Surviving Upper Division Math


It’s that time of the year. Classes are starting up. You’re nervous and excited to be taking some of your first “real” math classes called things like “Abstract Algebra” or “Real Anaylsis” or “Topology.”

It goes well for the first few weeks as the professor reviews some stuff and gets everyone on the same page. You do the homework and seem to be understanding.

Then, all of a sudden, you find yourself sitting there, watching an hour-long proof of a theorem you can’t even remember the statement of, using techniques you’ve never heard of.

You panic. Is this going to be on the test?

We’ve all been there.

I’ve been that teacher, I’m sad to say, where it’s perfectly clear in my head that the students are not supposed to regurgitate any of this. The proof is merely there for rigor and exposure to some ideas. It’s clear in my head which ideas are the key ones, though I maybe forgot to point it out carefully.

It’s a daunting situation for the best students in the class and a downright nightmare for the weaker ones.

Then it gets worse. Once your eyes glaze over that first time, it seems the class gets more and more abstract as the weeks go by, filled with more and more of these insanely long proofs and no examples to illuminate the ideas.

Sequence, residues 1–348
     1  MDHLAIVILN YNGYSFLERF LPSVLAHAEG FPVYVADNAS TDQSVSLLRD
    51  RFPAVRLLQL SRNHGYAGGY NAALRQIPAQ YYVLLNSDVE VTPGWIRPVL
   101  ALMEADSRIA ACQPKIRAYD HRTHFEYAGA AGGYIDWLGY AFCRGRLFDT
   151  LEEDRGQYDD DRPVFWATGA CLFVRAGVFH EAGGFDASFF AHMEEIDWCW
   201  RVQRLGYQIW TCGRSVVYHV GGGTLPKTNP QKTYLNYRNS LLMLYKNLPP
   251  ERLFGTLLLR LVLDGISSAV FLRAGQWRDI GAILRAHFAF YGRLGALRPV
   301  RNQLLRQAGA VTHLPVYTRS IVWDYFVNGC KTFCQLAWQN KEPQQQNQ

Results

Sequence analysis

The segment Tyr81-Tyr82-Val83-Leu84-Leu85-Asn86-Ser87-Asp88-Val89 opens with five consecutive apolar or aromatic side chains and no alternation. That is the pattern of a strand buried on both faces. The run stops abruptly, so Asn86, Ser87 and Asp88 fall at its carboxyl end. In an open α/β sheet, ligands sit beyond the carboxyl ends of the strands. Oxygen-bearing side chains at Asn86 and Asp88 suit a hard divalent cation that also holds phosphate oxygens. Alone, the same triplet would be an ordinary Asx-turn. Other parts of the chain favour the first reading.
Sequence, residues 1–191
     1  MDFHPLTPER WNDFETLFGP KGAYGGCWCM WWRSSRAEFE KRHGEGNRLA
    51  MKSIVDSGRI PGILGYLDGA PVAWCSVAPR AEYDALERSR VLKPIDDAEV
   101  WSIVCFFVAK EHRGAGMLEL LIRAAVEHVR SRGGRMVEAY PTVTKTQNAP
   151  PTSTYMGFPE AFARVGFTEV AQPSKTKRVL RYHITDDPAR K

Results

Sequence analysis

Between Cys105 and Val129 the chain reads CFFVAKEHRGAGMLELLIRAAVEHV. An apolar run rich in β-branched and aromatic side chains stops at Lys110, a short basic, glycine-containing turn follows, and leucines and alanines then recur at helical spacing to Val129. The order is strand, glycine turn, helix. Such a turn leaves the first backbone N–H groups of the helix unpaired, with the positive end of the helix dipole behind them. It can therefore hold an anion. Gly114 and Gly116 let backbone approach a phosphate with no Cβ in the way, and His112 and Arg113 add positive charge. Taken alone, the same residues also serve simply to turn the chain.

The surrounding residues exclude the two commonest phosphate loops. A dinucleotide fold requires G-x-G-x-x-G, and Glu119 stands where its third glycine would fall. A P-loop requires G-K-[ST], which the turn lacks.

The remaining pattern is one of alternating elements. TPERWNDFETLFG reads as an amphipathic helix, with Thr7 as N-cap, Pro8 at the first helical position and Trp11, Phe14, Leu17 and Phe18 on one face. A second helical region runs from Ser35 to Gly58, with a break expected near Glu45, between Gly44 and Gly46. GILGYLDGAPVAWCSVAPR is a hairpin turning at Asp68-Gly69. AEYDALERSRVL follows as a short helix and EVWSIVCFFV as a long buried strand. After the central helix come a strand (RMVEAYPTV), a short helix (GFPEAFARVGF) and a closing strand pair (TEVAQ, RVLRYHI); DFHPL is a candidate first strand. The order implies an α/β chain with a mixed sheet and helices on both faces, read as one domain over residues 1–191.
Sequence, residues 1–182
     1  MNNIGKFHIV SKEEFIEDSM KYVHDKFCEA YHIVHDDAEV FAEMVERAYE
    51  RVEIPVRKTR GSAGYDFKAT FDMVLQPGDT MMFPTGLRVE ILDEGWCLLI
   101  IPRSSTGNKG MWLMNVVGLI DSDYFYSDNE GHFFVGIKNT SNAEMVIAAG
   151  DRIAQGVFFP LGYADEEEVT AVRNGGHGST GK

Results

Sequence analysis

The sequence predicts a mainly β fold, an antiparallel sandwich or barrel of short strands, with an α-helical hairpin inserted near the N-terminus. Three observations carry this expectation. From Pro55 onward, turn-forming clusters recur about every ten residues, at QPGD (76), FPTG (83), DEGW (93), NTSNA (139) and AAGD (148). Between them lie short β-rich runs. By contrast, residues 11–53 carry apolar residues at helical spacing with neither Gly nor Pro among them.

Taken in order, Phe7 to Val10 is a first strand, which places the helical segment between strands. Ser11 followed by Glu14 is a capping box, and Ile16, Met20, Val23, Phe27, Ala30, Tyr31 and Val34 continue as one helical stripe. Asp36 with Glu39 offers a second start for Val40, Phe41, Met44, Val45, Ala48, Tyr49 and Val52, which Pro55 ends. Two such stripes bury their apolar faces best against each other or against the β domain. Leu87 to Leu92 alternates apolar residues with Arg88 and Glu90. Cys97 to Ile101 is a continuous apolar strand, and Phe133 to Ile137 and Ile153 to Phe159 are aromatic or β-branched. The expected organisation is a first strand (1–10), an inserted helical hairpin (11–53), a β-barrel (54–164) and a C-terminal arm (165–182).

Here’s some advice for surviving these upper division math classes. I’m sure people told me this dozens of times, but I tended to ignore it. I only learned how effective it was when I got to grad school.

Disclaimer: Everyone is different. Do what works for you. This worked for me and may only end up frustrating someone with a different learning style.

Tip Summary: Examples, examples, examples!

I used to think examples were something given in a textbook to help me work the problems. They gave me a model of how to do things.

What I didn’t realize was that examples are how you’re going to remember everything: proofs, theorems, concepts, problems, and so on.

Every time you come to a major theorem, write out the converse, inverse, switch some quantifiers, remove hypotheses, weaken hyphotheses, strengthen conclusions, and whatever you can think of to mess it up.